You're Pretty Good Looking (For A Girl)

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Title: You're Pretty Good Looking (For A Girl)
Author(s): Trinity of One
Date(s): posted 27 December 2006
Length: ~13,300 words
Fandom: Stargate Atlantis
External Links: sga_flashfic livejournal community, part one
sga_flashfic livejournal community, part two

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You're Pretty Good Looking (For A Girl) is a Stargate Atlantis story by Trinity of One.

It was possibly the first "We're not Straight, We Just Love Each Other" fic in the Stargate Atlantis fandom.

In this story, Rodney and Laura Cadman as well as Radek and John switch bodies via an ancient machine, but the former can't reverse the process because of their previous bodysharing experience from the episode Duet. So Rodney keeps Cadman's body, and Cadman keeps his. The story centers around Rodney's reactions to his transformation and his slowly coming to terms with it, as well as in his shifting relationship with the world around him, including Cadman (who is handling the situation rather better than he is, in his opinion) and John, who has plenty of issues of his own relating to the switch.

This story was discussed at great length at The Cutting Board by cathexys in 2007 in the essay gender and sexuality in three SGA stories; archive link. The other two stories discussed are Always should be someone you really love and Straight as a Circle.

Author's Notes

Spoilers: Mostly written before S3, but now contains a few minor spoilers through 'The Game'

Warnings: Bodyswap, genderfuck, hetsex—it's a trifecta of sin!

Summary: Rodney crossed his arms under his breasts. "Well, this is stupid. And typical. Both my opportunities for hot gay sex and hot heterosexual sex are ruined!"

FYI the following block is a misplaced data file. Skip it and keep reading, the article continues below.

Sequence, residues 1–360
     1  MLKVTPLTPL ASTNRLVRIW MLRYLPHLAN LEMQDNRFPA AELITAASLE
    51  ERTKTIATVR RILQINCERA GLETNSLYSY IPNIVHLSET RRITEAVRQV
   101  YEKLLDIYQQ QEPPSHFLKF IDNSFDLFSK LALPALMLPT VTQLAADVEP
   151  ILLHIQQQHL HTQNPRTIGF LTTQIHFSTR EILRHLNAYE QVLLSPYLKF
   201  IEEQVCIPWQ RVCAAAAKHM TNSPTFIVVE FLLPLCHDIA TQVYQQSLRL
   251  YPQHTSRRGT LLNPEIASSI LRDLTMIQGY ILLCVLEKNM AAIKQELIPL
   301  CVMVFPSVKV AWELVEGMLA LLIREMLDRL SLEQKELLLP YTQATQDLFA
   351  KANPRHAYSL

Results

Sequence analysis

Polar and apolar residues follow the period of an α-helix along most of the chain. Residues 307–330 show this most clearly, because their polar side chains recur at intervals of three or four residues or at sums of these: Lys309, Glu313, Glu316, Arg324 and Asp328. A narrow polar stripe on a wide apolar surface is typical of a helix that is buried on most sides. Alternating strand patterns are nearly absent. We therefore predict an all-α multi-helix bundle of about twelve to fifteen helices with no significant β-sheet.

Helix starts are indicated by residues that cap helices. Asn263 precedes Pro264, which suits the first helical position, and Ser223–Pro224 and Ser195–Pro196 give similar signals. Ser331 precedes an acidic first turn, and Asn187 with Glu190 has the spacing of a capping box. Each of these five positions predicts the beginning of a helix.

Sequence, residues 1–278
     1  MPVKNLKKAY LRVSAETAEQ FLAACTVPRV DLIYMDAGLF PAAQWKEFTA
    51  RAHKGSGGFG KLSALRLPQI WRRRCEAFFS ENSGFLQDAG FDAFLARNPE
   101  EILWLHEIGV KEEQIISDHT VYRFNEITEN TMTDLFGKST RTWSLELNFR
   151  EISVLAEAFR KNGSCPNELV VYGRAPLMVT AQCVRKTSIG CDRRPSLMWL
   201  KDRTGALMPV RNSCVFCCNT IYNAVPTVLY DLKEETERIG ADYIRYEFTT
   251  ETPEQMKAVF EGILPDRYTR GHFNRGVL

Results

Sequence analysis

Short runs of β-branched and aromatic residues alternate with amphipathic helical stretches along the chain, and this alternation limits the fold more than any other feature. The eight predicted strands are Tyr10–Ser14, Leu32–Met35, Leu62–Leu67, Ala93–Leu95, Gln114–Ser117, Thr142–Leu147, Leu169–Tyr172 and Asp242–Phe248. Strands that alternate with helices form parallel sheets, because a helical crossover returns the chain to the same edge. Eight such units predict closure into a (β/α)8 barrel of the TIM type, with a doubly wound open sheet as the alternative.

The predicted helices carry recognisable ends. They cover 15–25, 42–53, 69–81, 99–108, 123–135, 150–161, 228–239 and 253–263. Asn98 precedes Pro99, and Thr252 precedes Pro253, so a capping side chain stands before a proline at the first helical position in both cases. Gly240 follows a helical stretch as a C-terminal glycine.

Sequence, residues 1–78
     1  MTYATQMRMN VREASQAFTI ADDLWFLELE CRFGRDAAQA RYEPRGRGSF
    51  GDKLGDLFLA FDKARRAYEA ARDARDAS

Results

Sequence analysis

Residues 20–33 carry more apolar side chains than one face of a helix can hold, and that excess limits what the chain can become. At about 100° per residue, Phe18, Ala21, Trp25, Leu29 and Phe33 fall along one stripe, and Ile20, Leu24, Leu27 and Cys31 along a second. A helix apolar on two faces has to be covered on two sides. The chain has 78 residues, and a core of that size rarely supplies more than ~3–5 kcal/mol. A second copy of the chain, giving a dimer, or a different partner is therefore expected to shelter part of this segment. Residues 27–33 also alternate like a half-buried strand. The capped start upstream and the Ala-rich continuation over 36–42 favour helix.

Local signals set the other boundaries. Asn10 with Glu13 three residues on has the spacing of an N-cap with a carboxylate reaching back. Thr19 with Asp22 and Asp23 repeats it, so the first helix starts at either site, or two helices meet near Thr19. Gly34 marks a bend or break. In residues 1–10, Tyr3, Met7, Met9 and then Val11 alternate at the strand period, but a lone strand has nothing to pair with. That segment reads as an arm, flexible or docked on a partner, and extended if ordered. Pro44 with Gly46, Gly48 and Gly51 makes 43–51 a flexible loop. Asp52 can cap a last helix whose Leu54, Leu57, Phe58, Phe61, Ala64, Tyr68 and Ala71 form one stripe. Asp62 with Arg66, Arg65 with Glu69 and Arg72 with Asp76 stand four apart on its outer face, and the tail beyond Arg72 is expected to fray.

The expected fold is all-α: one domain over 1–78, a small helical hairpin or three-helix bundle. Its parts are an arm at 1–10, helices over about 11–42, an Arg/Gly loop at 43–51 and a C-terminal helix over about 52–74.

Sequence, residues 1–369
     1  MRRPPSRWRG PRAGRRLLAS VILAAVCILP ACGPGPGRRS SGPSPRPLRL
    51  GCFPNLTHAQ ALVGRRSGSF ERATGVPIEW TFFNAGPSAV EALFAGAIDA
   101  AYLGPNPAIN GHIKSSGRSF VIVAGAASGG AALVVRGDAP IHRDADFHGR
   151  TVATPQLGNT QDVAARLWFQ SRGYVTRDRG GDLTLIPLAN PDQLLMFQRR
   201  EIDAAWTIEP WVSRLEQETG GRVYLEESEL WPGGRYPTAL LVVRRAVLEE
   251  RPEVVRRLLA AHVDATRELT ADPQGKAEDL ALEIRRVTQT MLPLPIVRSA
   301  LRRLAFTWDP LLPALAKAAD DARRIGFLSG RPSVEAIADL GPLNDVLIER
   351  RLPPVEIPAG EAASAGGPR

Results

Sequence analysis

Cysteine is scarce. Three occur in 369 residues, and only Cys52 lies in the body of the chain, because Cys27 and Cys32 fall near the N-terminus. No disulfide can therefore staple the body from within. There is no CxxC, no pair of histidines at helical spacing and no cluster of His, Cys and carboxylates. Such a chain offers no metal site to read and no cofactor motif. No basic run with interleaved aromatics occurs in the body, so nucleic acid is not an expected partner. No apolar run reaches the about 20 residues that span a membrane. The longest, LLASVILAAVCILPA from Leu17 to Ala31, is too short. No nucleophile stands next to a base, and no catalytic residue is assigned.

Reactions and Reviews


Why this must be read: This my favourite gender-fuck story in this fandom to date. It's subtle and rich, and explores sexuality and gender in the most amazing way, and the relationship at its heart is wonderful. I have no words to do justice to this. Just. Read it.terrible ways in which the Wraith go about making humans their unwilling allies, and Domenika has done an incredible job of making this topic accessible, creating a wonderful original character, and slowly revealing the ethical dilemma at the heart of her story. Reading this made me ache with getting it in a way no empty political rhetoric ever could. What a great read! [1]
I've not read a lot of gender-switch stories. I never thought I'd find them so *profound.* Certainly there's a lot of issues inherent in the genre especially with regard to gender and identity and gender preference. Naturally I find that shit appealing. *g* It's very thoughtfully and sensitively handled in this story and whereas the switch could be all laughs (and there *are* laughs) it's actually rather sweet here. Not sure that I'm about to get into the genre in a big way but I certainly enjoyed this story.[2]